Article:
Explainer: what is the flesh-eating bacteria that causes Buruli ulcer and how can I avoid it?
By Allen Cheng
A Victorian teenager was recently reported to be suffering from a Buruli ulcer, an infection caused by the “flesh-eating” bacteria Mycobacterium ulcerans. She was said to have caught it on Victoria’s Mornington Peninsula, where cases seem to be on the rise.
Buruli ulcer, also known as Bairnsdale ulcer, occurs in many areas of the world, including Victoria. Besides the Mornington Peninsula, Australian cases have also been reported in tropical areas, including north of Mossman in Queensland, and the Capricorn Coast of Queensland near Yeppoon.
In Victoria, the number of reported cases has definitely increased over the past two years. As of September 2017, 159 cases have been reported, compared with 182 for the whole of 2016, 107 in 2015, and 89 in 2014.
Buruli ulcer is a major public health problem in West Africa, where cases have been described in 32 countries and untreated ulcers can result in significant disfigurement and disability, particularly in children.
How do you know it’s a Buruli ulcer?
The hallmark of this infection is a non-healing sore, usually on the leg or arm, which slowly enlarges over weeks to months. In the very early stages, the infection may start as a red lump. The edges of the ulcer are often medically described as “undermined”, which means the dead tissue may appear to extend far beyond the actual ulcer on the skin surface.
Ulcers are usually single, but they can be multiple or recurrent. Some patients can get a lot of swelling of the infected area, and sometimes this may affect a whole limb. Extensive tissue damage requiring amputation is rare in Australia, but may be required for very advanced infections.
M. ulcerans is a distant relative of organisms that cause tuberculosis (Mycobacterium tuberculosis) and leprosy (Mycobacterium leprae). It seems that this organism can evade the body’s immune system by producing a toxin called mycolactone, which destroys immune cells. Without control by the immune system, the infection can proceed unchecked and cause progressive tissue death.
When we look down the microscope at tissues infected with other bacteria, we usually see lots of white cells which cause inflammation. But in the case of M. ulcerans, the telltale absence of white cells is often an important clue to diagnosis.
What causes it?
M. ulcerans infection was first recorded in patients in eastern Victoria in the 1930s. But over the past 15 years, cases have been moving westwards along the coast to the Bellarine Peninsula south of Geelong. Since 2012, cases have reversed back to the Mornington Peninsula southeast of Melbourne.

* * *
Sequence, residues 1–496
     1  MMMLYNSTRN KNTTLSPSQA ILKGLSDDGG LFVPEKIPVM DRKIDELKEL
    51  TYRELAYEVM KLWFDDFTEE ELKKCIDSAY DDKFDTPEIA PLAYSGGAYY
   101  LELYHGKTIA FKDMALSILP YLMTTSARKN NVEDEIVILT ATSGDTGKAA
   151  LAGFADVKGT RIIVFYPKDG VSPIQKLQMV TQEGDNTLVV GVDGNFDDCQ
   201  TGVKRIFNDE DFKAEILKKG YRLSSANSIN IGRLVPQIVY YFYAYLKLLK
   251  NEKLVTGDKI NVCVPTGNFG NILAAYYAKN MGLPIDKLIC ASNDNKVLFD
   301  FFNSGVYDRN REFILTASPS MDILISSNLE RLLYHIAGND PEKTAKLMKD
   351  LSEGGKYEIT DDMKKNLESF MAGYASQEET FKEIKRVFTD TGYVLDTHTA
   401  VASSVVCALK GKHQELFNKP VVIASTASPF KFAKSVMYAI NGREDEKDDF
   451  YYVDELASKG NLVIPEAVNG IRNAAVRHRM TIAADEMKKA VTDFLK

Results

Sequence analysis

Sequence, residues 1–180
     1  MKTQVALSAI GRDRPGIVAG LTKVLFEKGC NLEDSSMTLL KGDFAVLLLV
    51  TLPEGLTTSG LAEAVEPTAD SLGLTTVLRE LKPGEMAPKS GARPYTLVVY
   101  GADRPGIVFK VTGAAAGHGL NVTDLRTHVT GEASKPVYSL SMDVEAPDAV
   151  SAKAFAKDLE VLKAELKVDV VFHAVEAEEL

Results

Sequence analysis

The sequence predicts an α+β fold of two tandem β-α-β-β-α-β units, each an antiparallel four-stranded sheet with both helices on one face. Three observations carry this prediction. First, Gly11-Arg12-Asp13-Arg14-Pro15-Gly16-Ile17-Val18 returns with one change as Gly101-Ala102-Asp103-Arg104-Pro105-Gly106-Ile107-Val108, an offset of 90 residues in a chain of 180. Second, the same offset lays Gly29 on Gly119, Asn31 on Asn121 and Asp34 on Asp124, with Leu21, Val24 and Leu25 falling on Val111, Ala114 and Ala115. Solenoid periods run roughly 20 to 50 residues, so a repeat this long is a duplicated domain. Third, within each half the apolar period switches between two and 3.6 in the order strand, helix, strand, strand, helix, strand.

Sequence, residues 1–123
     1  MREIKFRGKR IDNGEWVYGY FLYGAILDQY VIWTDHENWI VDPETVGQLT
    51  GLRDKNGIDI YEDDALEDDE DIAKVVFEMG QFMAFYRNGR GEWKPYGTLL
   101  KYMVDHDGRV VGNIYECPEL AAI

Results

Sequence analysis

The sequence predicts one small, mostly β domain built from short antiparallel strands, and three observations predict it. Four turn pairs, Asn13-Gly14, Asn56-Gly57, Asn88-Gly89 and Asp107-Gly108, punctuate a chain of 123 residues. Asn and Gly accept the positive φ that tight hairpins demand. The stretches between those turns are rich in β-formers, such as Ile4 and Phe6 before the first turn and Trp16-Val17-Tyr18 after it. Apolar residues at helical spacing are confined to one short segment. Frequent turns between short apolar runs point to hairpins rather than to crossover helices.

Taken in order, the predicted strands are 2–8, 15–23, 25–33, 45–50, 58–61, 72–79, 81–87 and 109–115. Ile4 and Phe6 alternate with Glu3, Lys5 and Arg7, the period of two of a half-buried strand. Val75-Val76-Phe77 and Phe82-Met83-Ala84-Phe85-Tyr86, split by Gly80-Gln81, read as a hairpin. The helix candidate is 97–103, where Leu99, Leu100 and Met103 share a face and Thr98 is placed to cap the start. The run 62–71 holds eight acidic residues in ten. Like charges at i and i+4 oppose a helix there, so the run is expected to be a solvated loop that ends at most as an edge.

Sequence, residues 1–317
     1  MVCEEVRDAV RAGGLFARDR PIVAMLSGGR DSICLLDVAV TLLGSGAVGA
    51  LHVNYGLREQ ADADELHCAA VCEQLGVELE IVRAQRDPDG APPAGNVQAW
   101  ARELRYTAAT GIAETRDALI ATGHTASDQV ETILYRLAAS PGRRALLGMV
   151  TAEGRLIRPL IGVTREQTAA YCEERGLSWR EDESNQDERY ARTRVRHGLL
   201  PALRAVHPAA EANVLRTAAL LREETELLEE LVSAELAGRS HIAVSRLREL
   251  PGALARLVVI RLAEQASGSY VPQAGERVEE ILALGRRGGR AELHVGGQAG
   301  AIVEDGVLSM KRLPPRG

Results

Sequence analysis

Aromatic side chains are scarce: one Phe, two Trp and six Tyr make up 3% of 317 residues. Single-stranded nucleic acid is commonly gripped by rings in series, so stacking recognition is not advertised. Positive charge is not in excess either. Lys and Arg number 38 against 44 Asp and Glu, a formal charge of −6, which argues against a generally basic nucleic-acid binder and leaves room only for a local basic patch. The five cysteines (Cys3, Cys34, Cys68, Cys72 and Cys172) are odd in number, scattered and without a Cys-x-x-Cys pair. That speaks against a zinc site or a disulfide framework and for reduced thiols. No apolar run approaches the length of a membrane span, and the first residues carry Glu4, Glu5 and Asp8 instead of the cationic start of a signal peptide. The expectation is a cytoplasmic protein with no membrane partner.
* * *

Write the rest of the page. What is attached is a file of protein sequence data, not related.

Although cases can present at any time of year, more tend to present between June and November. A few patients only report very transient exposure, such as a weekend trip to the Bellarine Peninsula. From these patients, it is thought the incubation period (the period between getting infected and the ulcer appearing) is around three to five months.
The reasons for where and in whom infection occurs isn’t clear. Circumstantial evidence seems to implicate mosquitoes, as the bacteria can be found in mosquitoes, occurs on exposed parts of the body where mosquitoes tend to bite, and seems to be associated with outdoor activities. So covering up and using mosquito repellents would seem to be the best preventative measures.
Oddly, cases seem to occur in very specific areas – on the Bellarine Peninsula some towns seem to be “hotspots” whereas others are relatively spared. An intriguing lead that may partly explain this is the discovery that possums, and more specifically possum faeces, appeared to be infected, and sometimes without the possum apparently being unwell. Positive “possum poo” seems to occur where human cases occur.
This suggests that M. ulcerans may be a zoonotic infection – this is where human cases occur as a “spillover” from what is otherwise an animal infection. Clearly this isn’t the whole story, as M. ulcerans infection occurs in regions of the world with different mosquito and animal species.
How is it treated?
Unfortunately, these infections don’t respond to the usual antibiotics for skin infection, and it isn’t uncommon to see patients who have been on several courses of antibiotics before a diagnosis is made.
In the past, it was thought that all cases needed surgery, similar to that for skin cancer. In Australia, surgery to remove the affected tissue is still sometimes required, but most cases can be cured with long courses of antibiotics. The antibiotics used for M. ulcerans are usually reserved for other infections such as tuberculosis, which aren’t the first choice of treatment for skin infections.
The use of treatment solely with antibiotics is being tested in a trial in Africa, and if successful would be good news for patients in regions where surgeons are scarce.
What can I do to avoid it?
Although the effectiveness of preventative measures is not confirmed, avoiding mosquitoes would seem to be the most prudent measure to prevent infection. This includes covering up exposed skin and using mosquito repellents in the warmer months.
Get unexplained lumps and sores checked out, particularly if they persist for weeks or months. There is a long list of other conditions that cause non-healing ulcers which may also require medical attention, such as skin cancers and diabetic foot infections. However, Buruli ulcers are more easily treated before the infection spreads, so early diagnosis is important.
That said, M. ulcerans is very slow growing, so there’s no need to panic. Make sure you let your doctor know if you’ve been in any of the affected areas – while this infection is on the radar of doctors in these areas, it may not be top of the list for those elsewhere.
Read the original article on The Conversation.